- Undress your baby and massage them gently and firmly. Avoid using any oils or lotions until your baby is at least a month old. Talk soothingly as you do it and keep the room warm enough. Some health centres and clinics run baby massage courses. For information, ask your midwife or health visitor.
- Try a warm bath. This calms some babies instantly, but makes others cry even more.
- Sometimes too much rocking and singing can keep your baby awake. You might find lying them down after a feed will help.
- Ask your health visitor for advice.
Some babies cry and seem unsettled around the time of a feed. If you’re breastfeeding, you may find that improving your baby’s positioning and attachment helps them settle. You can go to an infant feeding support group and ask for help, or talk to your health visitor.
It may be that something you’re eating or drinking is affecting your baby. If you think this is happening, try keeping a diary of what you eat and when the crying happens. If you see any patterns, talk to your health visitor.
Crying during feeds can sometimes be a symptom of reflux, a common condition where babies bring back milk after feeds. Speak to your health visitor or GP for more information and advice.
There are several reasons that can cause a baby to cry excessively. It can be exhausting if you’ve tried everything and nothing seems to comfort your baby.
Excessive crying could be a sign that your baby has colic. Everyone agrees that colic exists, but nobody knows what causes it.
Some doctors think it’s a kind of stomach cramp. The crying sounds miserable and distressed, and stops for a moment or two, then starts up again, which suggests it could be caused by waves of stomach pain.
The crying can go on for some hours. There may be little you can do except try to comfort your baby and wait for the crying to pass. See some tips for coping with colic.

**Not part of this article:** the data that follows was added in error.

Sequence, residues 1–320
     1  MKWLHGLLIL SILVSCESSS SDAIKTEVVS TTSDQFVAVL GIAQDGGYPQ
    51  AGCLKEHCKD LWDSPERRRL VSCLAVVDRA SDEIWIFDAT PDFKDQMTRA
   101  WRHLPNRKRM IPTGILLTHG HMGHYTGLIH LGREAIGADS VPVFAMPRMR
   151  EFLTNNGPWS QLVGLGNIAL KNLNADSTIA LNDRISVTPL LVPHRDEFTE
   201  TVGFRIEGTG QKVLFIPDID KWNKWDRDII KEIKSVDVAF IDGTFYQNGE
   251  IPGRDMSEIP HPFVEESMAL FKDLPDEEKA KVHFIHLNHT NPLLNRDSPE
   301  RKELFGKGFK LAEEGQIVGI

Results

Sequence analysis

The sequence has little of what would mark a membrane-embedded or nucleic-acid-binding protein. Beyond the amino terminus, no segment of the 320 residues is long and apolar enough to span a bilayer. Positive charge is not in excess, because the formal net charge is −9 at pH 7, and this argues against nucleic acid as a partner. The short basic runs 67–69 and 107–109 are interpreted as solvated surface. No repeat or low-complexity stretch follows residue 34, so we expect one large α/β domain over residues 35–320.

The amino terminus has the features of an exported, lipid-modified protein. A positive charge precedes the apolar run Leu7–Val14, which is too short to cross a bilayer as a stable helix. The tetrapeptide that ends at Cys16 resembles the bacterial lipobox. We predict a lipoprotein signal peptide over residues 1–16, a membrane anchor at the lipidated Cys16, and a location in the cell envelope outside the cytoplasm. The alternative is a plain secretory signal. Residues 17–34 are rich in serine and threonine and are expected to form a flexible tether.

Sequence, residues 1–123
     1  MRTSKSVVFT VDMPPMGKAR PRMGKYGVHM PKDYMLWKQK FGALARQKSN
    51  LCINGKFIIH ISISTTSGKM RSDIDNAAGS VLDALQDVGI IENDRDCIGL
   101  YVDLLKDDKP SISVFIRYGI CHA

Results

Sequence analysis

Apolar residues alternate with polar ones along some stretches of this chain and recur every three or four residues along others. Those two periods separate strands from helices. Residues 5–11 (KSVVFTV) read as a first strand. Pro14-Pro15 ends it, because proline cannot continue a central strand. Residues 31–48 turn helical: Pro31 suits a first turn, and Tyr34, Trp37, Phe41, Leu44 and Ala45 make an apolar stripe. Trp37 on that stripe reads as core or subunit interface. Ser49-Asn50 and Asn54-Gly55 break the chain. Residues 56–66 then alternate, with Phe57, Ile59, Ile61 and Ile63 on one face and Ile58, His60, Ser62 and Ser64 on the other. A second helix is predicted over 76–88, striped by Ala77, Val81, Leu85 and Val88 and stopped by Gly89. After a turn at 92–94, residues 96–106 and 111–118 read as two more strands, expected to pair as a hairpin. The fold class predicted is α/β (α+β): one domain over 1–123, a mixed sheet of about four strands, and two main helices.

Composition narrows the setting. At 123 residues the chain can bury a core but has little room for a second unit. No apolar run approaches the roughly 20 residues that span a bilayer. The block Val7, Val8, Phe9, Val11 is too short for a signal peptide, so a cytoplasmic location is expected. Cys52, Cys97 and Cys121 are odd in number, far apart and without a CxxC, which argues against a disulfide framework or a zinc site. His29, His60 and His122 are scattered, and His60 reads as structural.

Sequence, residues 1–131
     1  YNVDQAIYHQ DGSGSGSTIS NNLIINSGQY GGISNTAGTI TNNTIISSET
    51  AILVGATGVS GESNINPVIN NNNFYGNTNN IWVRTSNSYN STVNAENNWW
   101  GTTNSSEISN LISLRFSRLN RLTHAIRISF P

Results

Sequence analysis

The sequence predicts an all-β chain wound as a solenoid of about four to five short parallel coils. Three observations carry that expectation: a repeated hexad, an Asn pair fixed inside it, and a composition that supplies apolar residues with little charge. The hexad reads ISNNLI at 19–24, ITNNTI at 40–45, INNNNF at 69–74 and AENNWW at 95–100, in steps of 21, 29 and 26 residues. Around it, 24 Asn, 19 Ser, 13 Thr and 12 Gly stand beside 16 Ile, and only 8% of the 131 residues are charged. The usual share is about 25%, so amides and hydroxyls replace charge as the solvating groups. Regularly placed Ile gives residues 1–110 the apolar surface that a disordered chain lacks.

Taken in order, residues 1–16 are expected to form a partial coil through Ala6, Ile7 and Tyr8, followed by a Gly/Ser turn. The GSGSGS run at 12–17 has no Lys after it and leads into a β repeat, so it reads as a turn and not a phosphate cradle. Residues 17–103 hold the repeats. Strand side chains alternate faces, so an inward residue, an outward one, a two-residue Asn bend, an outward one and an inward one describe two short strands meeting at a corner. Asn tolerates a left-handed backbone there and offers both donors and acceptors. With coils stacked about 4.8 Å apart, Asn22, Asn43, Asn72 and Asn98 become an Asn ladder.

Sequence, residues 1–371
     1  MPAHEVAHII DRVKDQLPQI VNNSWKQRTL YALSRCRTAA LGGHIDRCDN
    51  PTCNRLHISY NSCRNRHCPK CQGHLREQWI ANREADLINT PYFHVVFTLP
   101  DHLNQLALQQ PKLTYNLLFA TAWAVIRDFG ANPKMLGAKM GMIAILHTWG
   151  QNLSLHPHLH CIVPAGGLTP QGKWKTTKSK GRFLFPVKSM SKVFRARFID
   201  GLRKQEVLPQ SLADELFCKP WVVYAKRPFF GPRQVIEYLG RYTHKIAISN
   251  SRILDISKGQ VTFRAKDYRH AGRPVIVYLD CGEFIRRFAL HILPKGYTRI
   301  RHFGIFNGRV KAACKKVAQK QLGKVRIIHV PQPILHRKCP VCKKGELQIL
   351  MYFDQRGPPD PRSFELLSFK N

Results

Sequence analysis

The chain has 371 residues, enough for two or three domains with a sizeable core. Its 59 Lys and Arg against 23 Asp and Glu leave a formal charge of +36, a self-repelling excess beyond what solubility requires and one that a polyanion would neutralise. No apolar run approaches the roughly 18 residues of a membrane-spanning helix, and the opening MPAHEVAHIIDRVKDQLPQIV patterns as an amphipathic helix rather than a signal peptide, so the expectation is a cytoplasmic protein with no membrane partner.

Crying and illness
If your baby is crying constantly and you can’t console or distract them, or the cry doesn’t sound like their normal cry, it can be a sign they are ill.
Or they may be ill if they are crying and have other symptoms, such as a high temperature. If this is the case, contact your health visitor or GP.
Get medical attention as soon as you can if your baby:
- Has much drier nappies than usual
- Has a high temperature, but their hands and feet feel cold
- Has a fit (seizure or convulsion)
- Has blue, mottled, ashen (grey) or very pale skin
- Breathes rapidly or makes a throaty noise while breathing, or seems to be working hard to breathe, perhaps sucking in their stomach under their ribcage
- Has a spotty purple-red rash anywhere on the body – this could be a sign of meningitis
See more signs of serious illness.
If you think there’s something wrong, always follow your instincts.
During the day, Monday to Friday, contact your GP surgery. At evenings and weekends you can call NHS 111 or your GP’s out-of-hours number.
You can talk to a friend, your health visitor or GP, or contact the Cry-sis helpline on 08451 228 669, open 9am to 10pm, 7 days a week. You will be charged for your call.
Cry-sis can put you in touch with other parents who have been in the same situation.
You can also visit the Cry-sis website for information on coping with crying babies.
If you decide to talk to your health visitor or GP, it can help to keep a record of how often and when your baby cries.
For example, this might be after every feed or during the evening. This can help your health visitor or GP to work out if there is a particular cause for the crying.
Keeping a record can also help you identify the times when you need extra support. You could think about possible changes to your routine.
There may be times when you’re so tired and angry you feel like you can’t take any more. This happens to a lot of parents, so don’t be ashamed to ask for help.
If you don’t have anyone who can take care of your baby for a short time and the crying is making you stressed, put your baby in their cot or pram, make sure they’re safe, close the door, go into another room and try to calm yourself down.
Set a time limit – for example, 10 minutes – then go back.
Never shake your baby
No matter how frustrated you feel, you must never shake your baby. Shaking moves their head violently and can cause brain damage.
Be careful to always handle your baby gently, never shake them. Some parents and carers have shaken their babies whilst feeling very stressed and babies have sadly been badly injured or died. It is very important to take a break when you need to.